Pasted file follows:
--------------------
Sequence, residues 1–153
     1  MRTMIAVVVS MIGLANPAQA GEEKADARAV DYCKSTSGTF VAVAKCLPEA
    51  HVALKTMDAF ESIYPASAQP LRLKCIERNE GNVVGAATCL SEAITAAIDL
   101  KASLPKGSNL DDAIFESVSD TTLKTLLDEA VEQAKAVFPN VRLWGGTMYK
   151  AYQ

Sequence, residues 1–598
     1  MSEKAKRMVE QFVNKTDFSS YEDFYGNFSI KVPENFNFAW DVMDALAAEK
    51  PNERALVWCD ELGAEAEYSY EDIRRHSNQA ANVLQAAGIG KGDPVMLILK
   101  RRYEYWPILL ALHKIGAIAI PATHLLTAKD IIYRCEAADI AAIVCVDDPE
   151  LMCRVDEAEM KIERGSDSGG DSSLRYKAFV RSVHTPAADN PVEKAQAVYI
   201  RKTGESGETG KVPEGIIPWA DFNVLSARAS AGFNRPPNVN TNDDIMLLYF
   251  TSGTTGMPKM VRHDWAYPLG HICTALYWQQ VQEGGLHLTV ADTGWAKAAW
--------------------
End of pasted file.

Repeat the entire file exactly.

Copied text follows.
Sequence, residues 1–153
     1  MRTMIAVVVS MIGLANPAQA GEEKADARAV DYCKSTSGTF VAVAKCLPEA
    51  HVALKTMDAF ESIYPASAQP LRLKCIERNE GNVVGAATCL SEAITAAIDL
   101  KASLPKGSNL DDAIFESVSD TTLKTLLDEA VEQAKAVFPN VRLWGGTMYK
   151  AYQ

Sequence, residues 1–598
     1  MSEKAKRMVE QFVNKTDFSS YEDFYGNFSI KVPENFNFAW DVMDALAAEK
    51  PNERALVWCD ELGAEAEYSY EDIRRHSNQA ANVLQAAGIG KGDPVMLILK
   101  RRYEYWPILL ALHKIGAIAI PATHLLTAKD IIYRCEAADI AAIVCVDDPE
   151  LMCRVDEAEM KIERGSDSGG DSSLRYKAFV RSVHTPAADN PVEKAQAVYI
   201  RKTGESGETG KVPEGIIPWA DFNVLSARAS AGFNRPPNVN TNDDIMLLYF
   251  TSGTTGMPKM VRHDWAYPLG HICTALYWQQ VQEGGLHLTV ADTGWAKAAW